How much debt can a farm bear?
Relatively high profits in 2020 and 2021 are prompting many farm families to consider their options for expansion. Expansion plans typically involve the use of a farm’s retained earnings, equity, and / or debt.
Important factors to consider when estimating how much debt can be repaid and how much debt a farm operation is comfortable with include current liquidity and solvency positions, repayment capacity, length of the repayment period and the interest rate, income stability, skills and experience. of each operator, the age and health of the operators, and the risk aversion of the operators.
Farms with strong liquidity and solvency positions have greater flexibility in the face of rising debt levels. A farm operation with a strong liquidity position has sufficient current assets to cover current liabilities as well as a potential increase in current liabilities. A farm with a strong solvency position has enough current and non-current assets to cover current debt obligations as well as potential increases in debt levels. In general, a current ratio above 2.0 and a solvency ratio below 0.4 are indicative of a strong financial position. It is important to note that the optimal solvency ratio for a farm is closely related to risk aversion.
Measures of repayment capacity include principal debt repayment margin and replacement margin. The principal debt repayment margin takes into account a farm’s ability to repay operating loans and cover the current portion of principal and interest owed on non-current loans such as a loan of machinery. , construction or land. The replacement margin allows borrowers and lenders to assess whether a farm has sufficient funds to pay term debt and replace assets. For a farm to thrive, it is essential that the replacement margin be large enough to repay debt over time, replace assets, and purchase new assets. For this to happen, the long-term average replacement margin must be positive.
The longer the repayment period and the lower the interest rate, the greater the debt that can be supported by any level of funds available for loan repayment. It is important to compare the life of an asset with the length of the loan. If the term of the loan is significantly less than the life of the asset, the repayment capacity decreases.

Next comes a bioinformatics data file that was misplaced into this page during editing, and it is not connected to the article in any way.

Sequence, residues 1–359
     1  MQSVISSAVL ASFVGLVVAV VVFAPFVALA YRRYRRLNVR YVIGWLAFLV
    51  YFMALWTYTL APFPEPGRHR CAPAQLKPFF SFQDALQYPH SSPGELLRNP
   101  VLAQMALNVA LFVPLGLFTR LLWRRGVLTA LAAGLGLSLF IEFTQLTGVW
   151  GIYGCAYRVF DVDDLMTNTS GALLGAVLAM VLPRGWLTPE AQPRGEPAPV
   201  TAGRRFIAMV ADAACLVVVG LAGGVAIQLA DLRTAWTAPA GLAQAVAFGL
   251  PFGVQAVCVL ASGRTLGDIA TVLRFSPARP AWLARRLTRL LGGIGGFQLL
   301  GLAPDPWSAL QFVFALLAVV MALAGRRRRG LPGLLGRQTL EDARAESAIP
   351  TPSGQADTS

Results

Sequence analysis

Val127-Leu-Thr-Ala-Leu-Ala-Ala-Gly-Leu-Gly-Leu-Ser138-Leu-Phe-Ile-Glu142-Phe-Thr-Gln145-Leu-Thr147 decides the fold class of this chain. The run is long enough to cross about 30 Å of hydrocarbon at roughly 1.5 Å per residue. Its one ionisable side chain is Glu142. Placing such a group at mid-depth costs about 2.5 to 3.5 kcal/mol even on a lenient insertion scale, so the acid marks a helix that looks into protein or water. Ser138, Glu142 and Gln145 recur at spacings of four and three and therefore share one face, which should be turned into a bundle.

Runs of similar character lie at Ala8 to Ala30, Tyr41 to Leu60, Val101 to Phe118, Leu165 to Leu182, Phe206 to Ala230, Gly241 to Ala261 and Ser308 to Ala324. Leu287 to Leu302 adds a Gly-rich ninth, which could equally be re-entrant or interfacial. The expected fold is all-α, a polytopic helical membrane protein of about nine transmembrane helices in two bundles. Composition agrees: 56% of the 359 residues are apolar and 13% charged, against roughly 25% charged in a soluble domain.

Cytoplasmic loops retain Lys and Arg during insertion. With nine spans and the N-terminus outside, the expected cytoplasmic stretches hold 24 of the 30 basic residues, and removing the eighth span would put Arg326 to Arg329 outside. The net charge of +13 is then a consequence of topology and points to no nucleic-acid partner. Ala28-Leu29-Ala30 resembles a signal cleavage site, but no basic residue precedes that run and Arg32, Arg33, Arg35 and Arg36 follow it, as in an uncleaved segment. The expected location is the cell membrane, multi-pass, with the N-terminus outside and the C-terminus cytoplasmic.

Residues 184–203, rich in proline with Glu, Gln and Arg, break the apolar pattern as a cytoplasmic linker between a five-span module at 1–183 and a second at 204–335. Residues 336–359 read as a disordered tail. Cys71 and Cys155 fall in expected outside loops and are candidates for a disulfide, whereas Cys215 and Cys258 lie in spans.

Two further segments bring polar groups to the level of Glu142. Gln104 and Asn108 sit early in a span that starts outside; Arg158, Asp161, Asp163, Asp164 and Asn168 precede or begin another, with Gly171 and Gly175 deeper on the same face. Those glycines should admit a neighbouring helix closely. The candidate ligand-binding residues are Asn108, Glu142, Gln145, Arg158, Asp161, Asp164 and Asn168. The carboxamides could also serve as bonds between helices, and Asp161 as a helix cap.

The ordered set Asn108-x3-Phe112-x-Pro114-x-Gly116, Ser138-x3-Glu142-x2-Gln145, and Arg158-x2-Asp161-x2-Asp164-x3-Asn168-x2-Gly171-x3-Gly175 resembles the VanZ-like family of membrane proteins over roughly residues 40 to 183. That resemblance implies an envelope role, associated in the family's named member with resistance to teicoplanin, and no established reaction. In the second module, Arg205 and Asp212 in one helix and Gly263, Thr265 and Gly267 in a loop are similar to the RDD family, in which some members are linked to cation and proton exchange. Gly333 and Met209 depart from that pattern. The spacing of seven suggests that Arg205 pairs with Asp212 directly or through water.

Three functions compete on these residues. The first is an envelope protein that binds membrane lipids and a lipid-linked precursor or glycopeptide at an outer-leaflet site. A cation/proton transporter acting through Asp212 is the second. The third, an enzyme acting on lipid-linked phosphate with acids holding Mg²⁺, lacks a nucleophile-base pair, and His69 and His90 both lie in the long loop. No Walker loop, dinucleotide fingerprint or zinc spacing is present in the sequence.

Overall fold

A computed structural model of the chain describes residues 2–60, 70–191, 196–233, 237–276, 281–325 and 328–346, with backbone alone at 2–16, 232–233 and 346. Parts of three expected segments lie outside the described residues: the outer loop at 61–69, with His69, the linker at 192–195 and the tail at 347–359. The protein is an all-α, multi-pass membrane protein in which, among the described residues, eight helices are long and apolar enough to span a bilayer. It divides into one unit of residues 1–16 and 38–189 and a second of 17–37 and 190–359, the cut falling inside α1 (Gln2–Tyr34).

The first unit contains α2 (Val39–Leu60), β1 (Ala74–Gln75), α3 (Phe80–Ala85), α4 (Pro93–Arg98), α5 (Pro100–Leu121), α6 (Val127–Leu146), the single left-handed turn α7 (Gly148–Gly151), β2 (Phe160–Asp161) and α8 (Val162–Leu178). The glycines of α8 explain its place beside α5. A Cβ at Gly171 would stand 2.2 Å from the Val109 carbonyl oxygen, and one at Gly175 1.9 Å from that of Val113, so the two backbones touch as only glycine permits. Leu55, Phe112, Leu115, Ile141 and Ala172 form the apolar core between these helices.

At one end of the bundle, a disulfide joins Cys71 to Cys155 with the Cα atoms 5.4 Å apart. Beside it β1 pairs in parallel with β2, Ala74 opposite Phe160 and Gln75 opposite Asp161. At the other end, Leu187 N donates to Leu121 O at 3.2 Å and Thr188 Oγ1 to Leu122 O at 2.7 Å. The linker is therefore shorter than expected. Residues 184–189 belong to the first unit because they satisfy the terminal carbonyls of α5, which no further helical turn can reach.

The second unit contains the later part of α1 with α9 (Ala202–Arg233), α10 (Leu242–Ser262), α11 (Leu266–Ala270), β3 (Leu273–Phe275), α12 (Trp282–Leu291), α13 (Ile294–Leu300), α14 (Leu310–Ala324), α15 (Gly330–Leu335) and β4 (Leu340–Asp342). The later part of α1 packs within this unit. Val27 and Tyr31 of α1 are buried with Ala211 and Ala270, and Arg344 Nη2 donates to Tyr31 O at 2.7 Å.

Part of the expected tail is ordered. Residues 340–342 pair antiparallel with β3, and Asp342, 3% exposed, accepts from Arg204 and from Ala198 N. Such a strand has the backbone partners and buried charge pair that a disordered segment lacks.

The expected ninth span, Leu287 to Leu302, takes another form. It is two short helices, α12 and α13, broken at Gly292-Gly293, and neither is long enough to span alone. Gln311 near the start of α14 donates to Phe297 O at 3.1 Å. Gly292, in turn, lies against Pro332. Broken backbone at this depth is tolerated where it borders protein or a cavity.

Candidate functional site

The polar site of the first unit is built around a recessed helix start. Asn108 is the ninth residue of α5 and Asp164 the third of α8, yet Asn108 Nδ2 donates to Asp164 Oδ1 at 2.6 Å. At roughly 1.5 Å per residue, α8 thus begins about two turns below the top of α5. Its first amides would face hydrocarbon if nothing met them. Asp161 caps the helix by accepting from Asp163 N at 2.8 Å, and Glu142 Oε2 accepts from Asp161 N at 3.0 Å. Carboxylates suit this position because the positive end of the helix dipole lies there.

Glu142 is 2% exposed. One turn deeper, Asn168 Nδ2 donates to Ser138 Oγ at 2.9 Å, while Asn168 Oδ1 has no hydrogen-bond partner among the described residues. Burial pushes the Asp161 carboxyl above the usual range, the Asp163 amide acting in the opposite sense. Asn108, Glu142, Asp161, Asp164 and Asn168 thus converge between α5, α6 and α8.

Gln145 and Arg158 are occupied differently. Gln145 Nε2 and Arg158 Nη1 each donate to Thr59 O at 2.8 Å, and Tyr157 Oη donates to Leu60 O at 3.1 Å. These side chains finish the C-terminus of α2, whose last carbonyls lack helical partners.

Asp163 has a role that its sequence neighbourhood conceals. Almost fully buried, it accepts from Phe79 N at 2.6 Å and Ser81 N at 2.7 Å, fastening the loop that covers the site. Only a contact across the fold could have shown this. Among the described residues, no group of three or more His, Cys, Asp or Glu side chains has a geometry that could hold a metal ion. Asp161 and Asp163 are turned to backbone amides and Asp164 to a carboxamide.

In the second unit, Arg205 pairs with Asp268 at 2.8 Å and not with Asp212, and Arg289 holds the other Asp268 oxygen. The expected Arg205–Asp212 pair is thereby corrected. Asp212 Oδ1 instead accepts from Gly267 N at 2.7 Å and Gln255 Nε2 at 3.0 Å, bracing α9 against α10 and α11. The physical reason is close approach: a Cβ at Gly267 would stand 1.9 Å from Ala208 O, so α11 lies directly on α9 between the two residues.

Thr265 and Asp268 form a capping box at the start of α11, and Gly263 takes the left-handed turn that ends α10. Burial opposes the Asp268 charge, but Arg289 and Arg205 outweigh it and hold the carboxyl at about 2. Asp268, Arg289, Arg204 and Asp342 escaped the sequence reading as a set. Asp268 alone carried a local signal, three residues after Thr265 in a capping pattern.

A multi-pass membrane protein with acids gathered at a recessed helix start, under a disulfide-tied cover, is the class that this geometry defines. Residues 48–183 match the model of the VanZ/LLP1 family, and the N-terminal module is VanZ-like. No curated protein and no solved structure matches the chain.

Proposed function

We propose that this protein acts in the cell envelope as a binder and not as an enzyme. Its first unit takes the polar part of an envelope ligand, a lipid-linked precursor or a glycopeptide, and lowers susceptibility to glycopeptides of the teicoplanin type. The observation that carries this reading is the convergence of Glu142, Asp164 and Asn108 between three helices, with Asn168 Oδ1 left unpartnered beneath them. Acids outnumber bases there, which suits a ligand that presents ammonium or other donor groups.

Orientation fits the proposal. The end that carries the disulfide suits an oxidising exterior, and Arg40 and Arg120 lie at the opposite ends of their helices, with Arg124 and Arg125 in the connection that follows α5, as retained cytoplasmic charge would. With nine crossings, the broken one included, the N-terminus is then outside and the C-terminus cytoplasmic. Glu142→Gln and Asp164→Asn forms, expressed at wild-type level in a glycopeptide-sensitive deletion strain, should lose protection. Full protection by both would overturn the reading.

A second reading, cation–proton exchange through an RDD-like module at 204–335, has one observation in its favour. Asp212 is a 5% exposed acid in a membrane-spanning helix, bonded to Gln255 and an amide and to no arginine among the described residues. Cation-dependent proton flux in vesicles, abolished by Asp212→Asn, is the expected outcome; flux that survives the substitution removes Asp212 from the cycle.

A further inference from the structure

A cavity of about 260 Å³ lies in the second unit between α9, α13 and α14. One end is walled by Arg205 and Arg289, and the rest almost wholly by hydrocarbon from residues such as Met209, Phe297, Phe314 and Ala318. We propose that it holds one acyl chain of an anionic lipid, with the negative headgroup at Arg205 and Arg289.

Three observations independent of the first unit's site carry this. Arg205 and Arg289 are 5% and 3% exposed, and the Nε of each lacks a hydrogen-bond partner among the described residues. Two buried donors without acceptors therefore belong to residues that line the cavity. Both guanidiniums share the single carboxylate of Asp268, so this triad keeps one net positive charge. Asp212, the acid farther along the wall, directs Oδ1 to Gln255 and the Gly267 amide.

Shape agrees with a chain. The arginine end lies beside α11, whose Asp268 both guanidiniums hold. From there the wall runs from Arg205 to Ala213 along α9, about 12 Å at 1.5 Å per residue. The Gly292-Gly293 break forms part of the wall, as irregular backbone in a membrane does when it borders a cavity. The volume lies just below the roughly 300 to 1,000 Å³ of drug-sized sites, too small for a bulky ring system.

Also, even if a farm could pay off a loan for a long-term asset in a short period of time, this may not be the best strategy. Matching the term of the loan to the life of an asset helps ensure that a farm will have sufficient funds to repay the loan.
Determination of the level of risk
Income risk varies widely among farms and businesses. Prices, weather and disease all have an impact on risk levels. When a lot of debt is needed, a farm should reduce these risks as much as possible. The higher the weather or price risk for farm businesses, the more prudent loan amounts should be.
Where crop and livestock insurance can be used to reduce risk, its use should be considered. Also, the greater the risk, the more important it is to get it right. When everything is done right and on time, the prospects for success are dramatically improved and risks are reduced.
The value of the skills and experience of each operator is important. Superior performance resulting from excellent management may be the most important factor influencing debt capacity. Superior management will improve income prospects and reduce the possibility of losses.
Younger, more ambitious traders who also have the benefit of good health can expect to face relatively heavy debt repayment demands compared to anyone lacking in health and stamina. Young operators are often relatively more interested in expansion. When a farm is expanding, it is imperative to assess the impact of that expansion on the farm’s liquidity, solvency and repayment capacity positions.
Debt is one of the main sources of risk due to the volatility of income. Traders who are risk averse tend to have lower leverage ratios. These lower debt ratios often reduce the rate of expansion. However, they can also reduce the likelihood of large losses and the anxiety often associated with high debt levels.
Debt and agricultural growth
Many factors affect a farm’s debt capacity. It is important to remember that financial leverage or debt directly affects a farm’s growth rate through its effect on expected returns and risks. As long as a farm’s return on assets is greater than the interest rate on borrowed funds, leverage will increase the return on equity and the rate of sustainable growth.
However, financial leverage also increases risk. For this reason, farmers must weigh the benefits in the form of higher yields and agricultural growth, and the costs in the form of higher interest charges and increased risk of leverage or debt.
Langemeier is an agricultural economist at Purdue University Extension and associate director of the Purdue Center for Commercial Agriculture.